Error 404--Not Found

Error 404--Not Found

From RFC 2068 Hypertext Transfer Protocol -- HTTP/1.1:

10.4.5 404 Not Found

The server has not found anything matching the Request-URI. No indication is given of whether the condition is temporary or permanent.

If the server does not wish to make this information available to the client, the status code 403 (Forbidden) can be used instead. The 410 (Gone) status code SHOULD be used if the server knows, through some internally configurable mechanism, that an old resource is permanently unavailable and has no forwarding address.

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Error 404--Not Found

Error 404--Not Found

From RFC 2068 Hypertext Transfer Protocol -- HTTP/1.1:

10.4.5 404 Not Found

The server has not found anything matching the Request-URI. No indication is given of whether the condition is temporary or permanent.

If the server does not wish to make this information available to the client, the status code 403 (Forbidden) can be used instead. The 410 (Gone) status code SHOULD be used if the server knows, through some internally configurable mechanism, that an old resource is permanently unavailable and has no forwarding address.







The power prognosticator

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Watch out for Active Directory

By John Fontana

The new year may be a good time to get out the survival gear, because the network operating system landscape in 2000 is likely to be littered with more dead and wounded than a special edition of a Marvel comic book.

What will so terrorize enterprise networks? It certainly won't be the lingering effects of the Year 2000 bug. It won't be NetWare, Solaris, Linux or any other Unix mutants.

Rather, the culprit will be Microsoft's Windows 2000, and for one obvious reason: Active Directory. This is not a slam against the directory technology, which has undergone a more rigorous beta-testing period than any product Microsoft has ever released. No, this is a comment on Active Directory's innate complexity. Active Directory leaves no room for error. Mess up on this technology, and you'll soon be watching the rest of your Windows 2000 deployment implode. Active Directory could truly prove to be kryptonite for the Supermen and Superwomen in your IT groups.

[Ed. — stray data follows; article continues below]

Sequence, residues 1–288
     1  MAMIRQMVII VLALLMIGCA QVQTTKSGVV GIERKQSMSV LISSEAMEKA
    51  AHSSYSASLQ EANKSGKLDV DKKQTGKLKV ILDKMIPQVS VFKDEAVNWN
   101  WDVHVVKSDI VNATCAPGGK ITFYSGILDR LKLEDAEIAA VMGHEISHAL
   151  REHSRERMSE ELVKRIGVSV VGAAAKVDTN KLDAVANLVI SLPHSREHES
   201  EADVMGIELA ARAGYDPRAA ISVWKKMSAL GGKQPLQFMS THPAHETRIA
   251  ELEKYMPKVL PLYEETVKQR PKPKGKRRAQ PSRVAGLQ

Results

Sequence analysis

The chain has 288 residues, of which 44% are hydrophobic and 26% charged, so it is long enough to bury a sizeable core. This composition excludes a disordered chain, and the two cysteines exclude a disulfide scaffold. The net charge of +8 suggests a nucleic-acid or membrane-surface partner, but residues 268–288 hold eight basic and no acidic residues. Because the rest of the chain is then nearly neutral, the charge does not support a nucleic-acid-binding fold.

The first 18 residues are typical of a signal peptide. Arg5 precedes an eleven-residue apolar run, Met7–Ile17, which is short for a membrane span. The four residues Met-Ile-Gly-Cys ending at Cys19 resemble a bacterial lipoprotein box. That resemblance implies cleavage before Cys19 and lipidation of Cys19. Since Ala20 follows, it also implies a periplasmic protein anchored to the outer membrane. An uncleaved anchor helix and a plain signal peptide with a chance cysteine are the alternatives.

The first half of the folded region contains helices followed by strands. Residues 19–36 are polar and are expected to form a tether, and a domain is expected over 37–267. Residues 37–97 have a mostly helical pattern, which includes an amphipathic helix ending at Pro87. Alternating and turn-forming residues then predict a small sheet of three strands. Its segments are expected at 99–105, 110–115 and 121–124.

Just ask any Novell Directory Services (NDS) administrator about the challenges of rolling out an enterprise directory. Six years ago, these administrators struggled mightily when Novell first released its directory. Sure, Microsoft has probably learned a few things from watching Novell, but heaven help those who underestimate the effort it takes to deploy an enterprise directory. The only saving grace may be that while few NDS administrators enjoyed the ride, they love the destination.

Most analysts predict Win 2000 rollouts will begin to happen in earnest near the end of 2000. Enterprises will experiment in their labs and run pilots starting in February, when the software is released. Those tests will last from six to 10 months, then companies will take the plunge and start to exorcise existing NT networks.

But look for Active Directory to extend many pilots.

Even the first step of moving toward Active Directory, deciding to organize the directory along geographical or organizational lines, will be loaded with peril. The decision process will include enough politics to end a few careers. Things will get even tougher once you start dealing with forests, trees, organizational units and schemas.

Microsoft has already sent out an advisory warning customers and prospects that Active Directory deserves IT's undivided attention. The company has issued white papers, forged relationships with third-party developers and acquired technologies all designed to make the job of installing Active Directory and Win 2000 easier.

That being said, all you enterprise superheroes better be ready for a good fight.

Related links

Contact Senior Editor John Fontana

Other recent articles by Fontana

Wares Extraordinare: Active Directory
Mark Gibbs on how Active Directory will be a winner. Network World, 11/15/99.

Forum: Active Directory users could learn from NDS
Discuss the two directories with other Fusion users.

Review of AD migration tools
Aelita Enterprise Suite, Mission Critical OnePoint Domain Admin., FastLane DM/Suite. Network World, 8/16/99.

Closing the Active Directory gap
Things to think about before you make the move from NT 4.0 domains to Active Directory. Network World, 6/28/99.

Windows users get directory help
IT executives last week finally saw Microsoft budge slightly on the issue of supporting access to Active Directory features from legacy Windows clients. Network World, 12/6/99.

Prudential forced to work around Active Directory
Laura Gashlin would like nothing better than to slash Microsoft's Active Directory to pieces. It's not that the systems director for Prudential Insurance doesn't like the forthcoming directory; she just wants to divide it into separate parts for security and administrative reasons. Network World, 12/6/99.

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